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Reply to the Letter to the Editor: “COVID-19 in patients with cancer: can baseline radiologic severity and early evolution predict clinical outcomes?”

by Rocio Perez‑Johnston ( perezjor@MSKCC.ORG)

COVID-19 in patients with cancer: can baseline radiologic severity and early evolution predict clinical outcomes?

Dear Editor,
Dear Drs. Mungmunpuntipantip and Wiwanitkit,

Thank you very much for your comments. We completely agree that there are many factors determining the clinical outcome of patients with cancer and COVID-19. It has been reported in the literature that many clinical variables have been shown to be predictors of outcome in patients with COVID-19. For example, Rechtman et al demonstrated how vital signs- heart rate, respiratory rate, oxygen saturation were associated with mortality [1]. Basheer M et al showed that age, BMI, hemodialysis, history of supplemental oxygen and certain laboratory results were associated with increased mortality [2].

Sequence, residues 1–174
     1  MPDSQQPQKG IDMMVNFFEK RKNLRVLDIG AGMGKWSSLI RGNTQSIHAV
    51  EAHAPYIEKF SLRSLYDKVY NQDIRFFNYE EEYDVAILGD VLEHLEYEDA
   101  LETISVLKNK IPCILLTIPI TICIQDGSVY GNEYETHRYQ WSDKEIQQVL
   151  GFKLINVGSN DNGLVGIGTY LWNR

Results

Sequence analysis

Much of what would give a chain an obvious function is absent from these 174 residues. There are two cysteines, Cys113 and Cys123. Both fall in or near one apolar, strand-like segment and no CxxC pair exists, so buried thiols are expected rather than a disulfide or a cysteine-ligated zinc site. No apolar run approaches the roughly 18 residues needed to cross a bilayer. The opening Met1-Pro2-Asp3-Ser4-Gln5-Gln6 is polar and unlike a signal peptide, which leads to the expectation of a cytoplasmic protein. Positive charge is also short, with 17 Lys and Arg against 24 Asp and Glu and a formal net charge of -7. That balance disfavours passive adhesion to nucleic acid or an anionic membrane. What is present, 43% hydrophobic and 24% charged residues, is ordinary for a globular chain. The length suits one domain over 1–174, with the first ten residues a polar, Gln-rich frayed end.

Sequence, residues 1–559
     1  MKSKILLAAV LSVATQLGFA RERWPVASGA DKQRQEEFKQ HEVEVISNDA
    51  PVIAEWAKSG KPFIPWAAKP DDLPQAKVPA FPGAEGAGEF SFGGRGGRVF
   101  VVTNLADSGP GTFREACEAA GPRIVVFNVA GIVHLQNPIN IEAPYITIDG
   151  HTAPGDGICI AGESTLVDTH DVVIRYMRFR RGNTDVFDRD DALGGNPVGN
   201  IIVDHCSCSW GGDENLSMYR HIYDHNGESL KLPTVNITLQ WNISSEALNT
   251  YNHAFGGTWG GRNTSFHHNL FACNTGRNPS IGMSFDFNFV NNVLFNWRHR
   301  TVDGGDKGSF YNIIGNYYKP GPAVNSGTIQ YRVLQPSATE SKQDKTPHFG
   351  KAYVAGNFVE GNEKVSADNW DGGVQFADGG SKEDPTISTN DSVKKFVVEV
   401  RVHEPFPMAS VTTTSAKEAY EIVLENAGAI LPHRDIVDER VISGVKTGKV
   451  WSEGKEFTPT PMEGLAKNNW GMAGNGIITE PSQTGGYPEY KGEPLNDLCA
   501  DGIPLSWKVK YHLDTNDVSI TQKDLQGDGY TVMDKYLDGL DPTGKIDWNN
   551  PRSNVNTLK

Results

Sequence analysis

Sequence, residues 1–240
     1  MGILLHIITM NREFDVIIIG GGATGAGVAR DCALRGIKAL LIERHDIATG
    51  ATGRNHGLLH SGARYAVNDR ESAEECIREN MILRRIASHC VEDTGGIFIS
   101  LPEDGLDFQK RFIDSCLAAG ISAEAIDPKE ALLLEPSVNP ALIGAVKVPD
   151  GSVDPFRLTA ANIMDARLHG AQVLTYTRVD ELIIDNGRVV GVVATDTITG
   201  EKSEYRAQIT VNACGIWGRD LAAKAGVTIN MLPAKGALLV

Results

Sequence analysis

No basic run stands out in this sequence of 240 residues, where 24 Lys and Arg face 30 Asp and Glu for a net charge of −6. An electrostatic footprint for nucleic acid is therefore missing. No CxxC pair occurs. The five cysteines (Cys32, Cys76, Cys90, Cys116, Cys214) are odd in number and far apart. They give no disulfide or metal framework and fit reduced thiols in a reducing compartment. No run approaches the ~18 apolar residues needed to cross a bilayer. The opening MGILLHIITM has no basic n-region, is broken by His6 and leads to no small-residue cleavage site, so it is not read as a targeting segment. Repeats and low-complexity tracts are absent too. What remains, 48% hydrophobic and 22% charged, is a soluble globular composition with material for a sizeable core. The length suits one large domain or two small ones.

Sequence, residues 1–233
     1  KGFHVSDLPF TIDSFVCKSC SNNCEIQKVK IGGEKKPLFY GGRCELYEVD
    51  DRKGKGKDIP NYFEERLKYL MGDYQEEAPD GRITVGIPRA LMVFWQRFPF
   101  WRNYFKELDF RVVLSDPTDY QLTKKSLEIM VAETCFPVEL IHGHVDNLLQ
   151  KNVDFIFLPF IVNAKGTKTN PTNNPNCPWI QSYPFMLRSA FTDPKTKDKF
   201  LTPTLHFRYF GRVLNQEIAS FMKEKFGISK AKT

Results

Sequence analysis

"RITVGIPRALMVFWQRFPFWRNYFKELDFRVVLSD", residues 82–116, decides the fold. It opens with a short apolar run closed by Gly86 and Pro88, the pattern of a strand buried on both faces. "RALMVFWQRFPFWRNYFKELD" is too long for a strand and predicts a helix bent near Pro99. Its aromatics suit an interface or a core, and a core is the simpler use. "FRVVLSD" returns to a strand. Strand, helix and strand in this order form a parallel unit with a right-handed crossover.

One of the variables evaluated in the general population is the radiological presentation as a predictor of outcome [3]. In our study we attempted to determine if the initial and early follow-up radiologic presentation would determine outcome in a population of patients with cancer. One of the main reasons why we decided not to include clinical variables in our analysis is that cancer patients have many baseline confounding variables related to their cancer and their treatments. We agree with you that there are many other clinical variables that determine outcome as demonstrated by Nath et al [4]. Part of the results that Nath et out found is that a negative baseline Xray was a main predictor for not having a severe event within 30 days of diagnosis.

We are aware that further studies need to be performed in the oncologic population and hope that further multi institutional studies reveal how any new confounding clinical factor can affect patients with cancer and COVID-19.